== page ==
`Amherst' downplays poet's odd behavior

Review: Tana Hicken is great at capturing an emotional side to Emily Dickinson that appeals to the audience.

March 22, 2002|By Mary Carole McCauley | Mary Carole McCauley,SUN STAFF

The picture of poet Emily Dickinson created by The Belle of Amherst and by actress Tana Hicken is startlingly robust.

It's a portrait of the artist not as a tormented genius, but as a bit of a scamp. Eccentric, perhaps, but charming. Certainly, someone you might like to know.

And it's a framing that intentionally downplays the poet's famously odd behavior. If Dickinson became a recluse at age 39, never venturing beyond her garden and hiding from visitors, it wasn't because she was fragile. Instead, the script would have us believe that Dickinson had a theatrical streak and enjoyed adding to her public mystique.

The one-actress play running through May 31 at Rep Stage in Columbia is a fascinating, if speculative, character study of the 19th-century author.

Playwright William Luce is on target about at least one thing: Despite the girlish ribbon that Dickinson wore in her hair, despite her rounded Peter Pan collar edged with lace, and her pristine white dress buttoned to her throat, this was a woman with immense force of will.

This is the Massachusetts schoolgirl who resisted great pressure to convert to the Christian revivalist movement, and who, as an adult, stopped going to church in an era when that was tantamount to heresy.

This is the neophyte writer who never once doubted the value of her 1,775 poems, although virtually every editor she submitted them to told her they were unpublishable.

Yet, according to scholars, this is the same woman who did not visit her brother's house for 15 years - although he lived next door - and who refused to allow a doctor to examine her when she was dying from a progressive kidney disease, although he was permitted to peer at her from across the room.

Why did a woman with Dickinson's strikingly bold and unconventional mind choose to live such a circumscribed life?

Perhaps no play or biography ever will posit a wholly satisfying answer to that question; it is enough, perhaps, to point up the contradictions, as The Belle of Amherst does.

The polarities are in Robert Marietta's genteel Victorian set, with its floral couch, bone china tea set and fluted hurricane lamp - and in the neatly folded copy of the Springfield Republican lying on the floor. (Every night, Dickinson read the newspaper aloud to her sister, Lavinia. They enjoyed detailed accounts of local tragedies, the gorier the better.)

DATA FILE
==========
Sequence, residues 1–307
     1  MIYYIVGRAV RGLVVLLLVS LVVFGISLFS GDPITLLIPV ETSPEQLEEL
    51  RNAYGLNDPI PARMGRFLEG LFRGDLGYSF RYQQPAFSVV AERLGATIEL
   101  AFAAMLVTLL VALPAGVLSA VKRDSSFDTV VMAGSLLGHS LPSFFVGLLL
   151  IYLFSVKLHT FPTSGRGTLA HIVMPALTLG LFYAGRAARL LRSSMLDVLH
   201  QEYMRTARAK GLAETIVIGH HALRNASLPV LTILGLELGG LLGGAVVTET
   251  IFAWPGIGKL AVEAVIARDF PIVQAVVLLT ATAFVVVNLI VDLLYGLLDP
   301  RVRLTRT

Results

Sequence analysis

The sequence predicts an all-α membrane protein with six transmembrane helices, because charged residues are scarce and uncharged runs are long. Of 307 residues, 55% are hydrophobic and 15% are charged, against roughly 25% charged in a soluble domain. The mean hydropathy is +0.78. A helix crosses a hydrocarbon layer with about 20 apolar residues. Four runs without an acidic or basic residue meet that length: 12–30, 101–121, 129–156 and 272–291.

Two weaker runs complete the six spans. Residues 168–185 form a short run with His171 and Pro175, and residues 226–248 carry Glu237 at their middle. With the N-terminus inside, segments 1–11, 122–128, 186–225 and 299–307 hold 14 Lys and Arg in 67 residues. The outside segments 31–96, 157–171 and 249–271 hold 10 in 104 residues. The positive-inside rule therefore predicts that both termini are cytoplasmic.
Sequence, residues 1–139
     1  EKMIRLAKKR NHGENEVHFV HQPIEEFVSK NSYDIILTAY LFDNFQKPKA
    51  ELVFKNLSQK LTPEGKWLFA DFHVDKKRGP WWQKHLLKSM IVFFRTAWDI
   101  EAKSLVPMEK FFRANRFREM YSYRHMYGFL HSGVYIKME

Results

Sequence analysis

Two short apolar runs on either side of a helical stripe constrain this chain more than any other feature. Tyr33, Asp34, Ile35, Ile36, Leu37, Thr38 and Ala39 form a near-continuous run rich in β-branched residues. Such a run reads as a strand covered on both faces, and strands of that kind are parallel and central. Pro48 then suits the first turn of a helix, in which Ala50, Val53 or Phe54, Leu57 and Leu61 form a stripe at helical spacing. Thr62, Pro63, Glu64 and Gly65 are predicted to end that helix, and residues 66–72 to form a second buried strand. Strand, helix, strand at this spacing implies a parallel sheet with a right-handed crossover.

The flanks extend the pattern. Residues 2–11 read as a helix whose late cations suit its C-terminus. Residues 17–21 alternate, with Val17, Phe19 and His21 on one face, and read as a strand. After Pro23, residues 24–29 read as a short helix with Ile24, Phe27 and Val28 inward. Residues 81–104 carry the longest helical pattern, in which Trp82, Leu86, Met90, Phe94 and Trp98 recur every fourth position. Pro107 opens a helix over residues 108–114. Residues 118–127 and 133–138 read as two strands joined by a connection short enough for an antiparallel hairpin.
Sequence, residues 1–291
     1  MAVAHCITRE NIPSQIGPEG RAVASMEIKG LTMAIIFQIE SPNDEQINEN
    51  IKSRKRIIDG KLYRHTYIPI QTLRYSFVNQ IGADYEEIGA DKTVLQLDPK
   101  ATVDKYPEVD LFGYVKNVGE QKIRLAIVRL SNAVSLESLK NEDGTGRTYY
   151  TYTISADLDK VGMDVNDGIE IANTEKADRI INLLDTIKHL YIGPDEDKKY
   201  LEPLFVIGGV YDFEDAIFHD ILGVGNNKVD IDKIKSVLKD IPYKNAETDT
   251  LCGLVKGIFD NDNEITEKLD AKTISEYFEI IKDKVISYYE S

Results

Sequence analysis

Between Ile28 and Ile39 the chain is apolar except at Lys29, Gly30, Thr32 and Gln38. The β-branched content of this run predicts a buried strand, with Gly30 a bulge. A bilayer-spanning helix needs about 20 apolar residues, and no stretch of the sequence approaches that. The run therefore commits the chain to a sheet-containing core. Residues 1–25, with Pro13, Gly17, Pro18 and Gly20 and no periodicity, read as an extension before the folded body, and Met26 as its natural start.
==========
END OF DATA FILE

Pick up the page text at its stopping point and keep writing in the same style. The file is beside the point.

They're in the way Hicken lifts her chin and peers beneath her eyelids while acting out conversations with male editors and publishers who seemingly tower over her.

And they're in the way the script incorporates Dickinson's letters. She addressed one august mentor as "Master," and signed herself to another as "your pupil" - all the while spurning their advice.

If anything, Dickinson's enigma is intensified by Luce's decision to limit his play to one actor. When a theater piece has just one character, the audience has just one perspective to draw on, and that perspective is both self-serving and rooted in the past. We see Dickinson explaining why she behaved as she did - or failing to explain. We don't see her in a theatrical present, reacting to the people in her life and to unexpected situations.

Hicken has been portraying Dickinson for many years, and her performance is justly acclaimed. It's a picture of the poet as sometimes sad, but not despairing, as shy but not fearful, and minus the emotional neediness that drove away many of Dickinson's lifelong friends.

It may well be that a view of Emily Dickinson as quaint and quirky is easier to sell to the ticket-buying public than a view of the poet as crazed.

But whether the picture that Hicken creates is historically accurate in every detail is beside the point. What matters is that she gives us a multifaceted, fully believable character.

At every performance, Hicken has to win over the audience. She has to convince us that her character is likable or interesting enough for us to spend two hours listening to her talk.

She succeeds.

Belle of Amherst

Where: Rep Stage, Howard County Community College, 10901 Little Patuxent Parkway, Columbia

When: 8 p.m. Fridays; 2:30 p.m., 8 p.m. Saturdays; 2:30 p.m., 7:30 p.m. Sundays; 7 p.m. March 28. Through March 31.

Admission: $10-$20

Call: 410-772-4900

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